by Risa Green
I know I’ve been a bit of a downer lately what with The Horrible Tragedy of My Father and all, but I’m sorry to say that things have not brightened up. Just because my year wasn’t ending on a crappy enough note, Chloe, my sweet, wonderful, ten year-old Wheaten Terrier, died suddenly last week. If you’ve been reading my posts for a while, you may remember that Chloe had been diagnosed with a genetic, protein-losing disease about two years ago, and we almost lost her then. But we put her on medication and restricted her diet, and she made an amazing recovery. About six weeks ago, however, we started seeing signs of the disease again, and the vet confirmed that she was, indeed, relapsing. So we put her back on the medication, put her back on the stinky, prescription kibble that she hated, and we thought that she was doing better. But then over the weekend her symptoms got worse. On Sunday night she collapsed walking up the stairs and seemed to be having trouble breathing. We rushed her to the animal hospital, but we were too late. Her little heart stopped while they were examining her, and my Chloe bear (my puppy pie, my bunny, my sweetie wheatie) was gone.
It was, I have to say, one of the saddest moments of my life. My husband had given Chloe to me as a birthday present, just four months after we got married. I picked her out of the litter because she had a spunk and an attitude about her that I loved – she was definitely my kind of girl. For the next three years, we poured our hearts and souls into that dog the way that all married people without children do. We took her everywhere with us, bought her fancy dog beds and organic dog treats, made her scrambled eggs for breakfast on Sunday mornings. When I was pregnant with my daughter, I remember asking my husband if he thought it was possible that we might actually love our new baby more than we loved our Chloe. I simply couldn’t imagine it. But, of course, we did, and Chloe went from being the center of our world to the periphery of it. It couldn’t have been easy for her, but she was a good girl, and she welcomed my daughter, and then my son, into her pack without incident.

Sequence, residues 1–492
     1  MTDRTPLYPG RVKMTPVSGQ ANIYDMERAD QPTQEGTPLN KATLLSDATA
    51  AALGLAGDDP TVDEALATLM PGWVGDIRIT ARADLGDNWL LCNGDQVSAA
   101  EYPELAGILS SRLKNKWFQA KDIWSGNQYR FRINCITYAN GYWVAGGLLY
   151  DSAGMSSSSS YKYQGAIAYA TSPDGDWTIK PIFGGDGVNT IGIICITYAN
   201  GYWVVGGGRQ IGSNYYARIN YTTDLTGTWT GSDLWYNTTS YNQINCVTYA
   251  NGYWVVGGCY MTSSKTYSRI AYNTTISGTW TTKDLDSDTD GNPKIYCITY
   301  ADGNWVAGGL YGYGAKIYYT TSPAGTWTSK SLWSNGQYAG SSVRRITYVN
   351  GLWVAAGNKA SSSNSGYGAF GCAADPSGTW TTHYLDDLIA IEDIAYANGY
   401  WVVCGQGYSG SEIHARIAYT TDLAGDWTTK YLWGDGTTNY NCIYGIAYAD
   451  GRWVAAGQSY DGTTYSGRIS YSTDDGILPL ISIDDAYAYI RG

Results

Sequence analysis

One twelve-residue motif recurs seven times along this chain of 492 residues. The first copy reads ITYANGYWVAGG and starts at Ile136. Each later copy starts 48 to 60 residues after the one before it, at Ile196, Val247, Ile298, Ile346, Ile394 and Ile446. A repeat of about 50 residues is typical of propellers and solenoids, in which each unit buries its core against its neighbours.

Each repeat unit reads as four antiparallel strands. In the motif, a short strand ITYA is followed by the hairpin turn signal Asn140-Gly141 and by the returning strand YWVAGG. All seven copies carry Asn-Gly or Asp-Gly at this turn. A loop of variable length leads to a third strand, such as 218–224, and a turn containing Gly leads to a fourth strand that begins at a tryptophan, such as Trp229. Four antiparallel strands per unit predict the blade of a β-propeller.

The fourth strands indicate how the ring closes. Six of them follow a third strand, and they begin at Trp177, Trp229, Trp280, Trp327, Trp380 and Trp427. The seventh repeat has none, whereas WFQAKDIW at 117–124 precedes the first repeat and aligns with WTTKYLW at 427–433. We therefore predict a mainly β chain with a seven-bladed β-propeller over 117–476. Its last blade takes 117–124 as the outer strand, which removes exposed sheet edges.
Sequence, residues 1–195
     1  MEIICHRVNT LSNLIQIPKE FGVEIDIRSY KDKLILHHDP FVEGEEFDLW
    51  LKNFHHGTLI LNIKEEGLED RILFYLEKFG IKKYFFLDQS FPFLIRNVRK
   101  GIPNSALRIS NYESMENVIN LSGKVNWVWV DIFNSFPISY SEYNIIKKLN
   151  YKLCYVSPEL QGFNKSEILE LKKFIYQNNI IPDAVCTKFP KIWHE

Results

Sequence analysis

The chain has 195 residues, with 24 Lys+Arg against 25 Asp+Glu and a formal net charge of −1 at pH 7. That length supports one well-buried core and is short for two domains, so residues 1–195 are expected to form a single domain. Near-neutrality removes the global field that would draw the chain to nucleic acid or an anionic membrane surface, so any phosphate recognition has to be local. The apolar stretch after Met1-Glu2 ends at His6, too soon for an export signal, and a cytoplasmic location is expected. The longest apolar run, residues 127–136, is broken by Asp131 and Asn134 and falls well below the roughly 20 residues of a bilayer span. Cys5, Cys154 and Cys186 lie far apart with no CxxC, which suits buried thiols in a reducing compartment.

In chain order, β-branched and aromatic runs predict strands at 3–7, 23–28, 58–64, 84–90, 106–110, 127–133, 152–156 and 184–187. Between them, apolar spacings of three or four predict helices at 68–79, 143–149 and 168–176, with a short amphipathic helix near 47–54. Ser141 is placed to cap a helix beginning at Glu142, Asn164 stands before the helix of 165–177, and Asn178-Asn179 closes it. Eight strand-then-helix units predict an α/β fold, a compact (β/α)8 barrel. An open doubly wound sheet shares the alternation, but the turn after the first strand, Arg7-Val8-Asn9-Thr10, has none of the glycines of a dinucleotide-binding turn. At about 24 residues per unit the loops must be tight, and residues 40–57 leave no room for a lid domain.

People keep asking me how my kids are doing with Chloe’s death. My kids are doing fine. The truth is, Chloe was not their dog. She was ours. She just never loved our children the way that she loved us. She tolerated them, sure, and she loved swiping their food when they weren’t looking, but that was about it. In fact, it was only in the last few weeks before she died that she had started to develop a relationship with my daughter at all. I began to notice that her tail would wag when my daughter came home, and two days before she died, she tapped my daughter on the hand with her paw because she wanted to be pet. She’d never done that to one of the kids before – it was as if she was finally acknowledging that my children were not, in fact, going to be sent back to whatever strange, annoying planet they had come from, and she’d decided that she might as well make the most of it. It’s too bad, really, that they didn’t have more time together. After all, my daughter has spunk and attitude too, and I think they would have made a great team.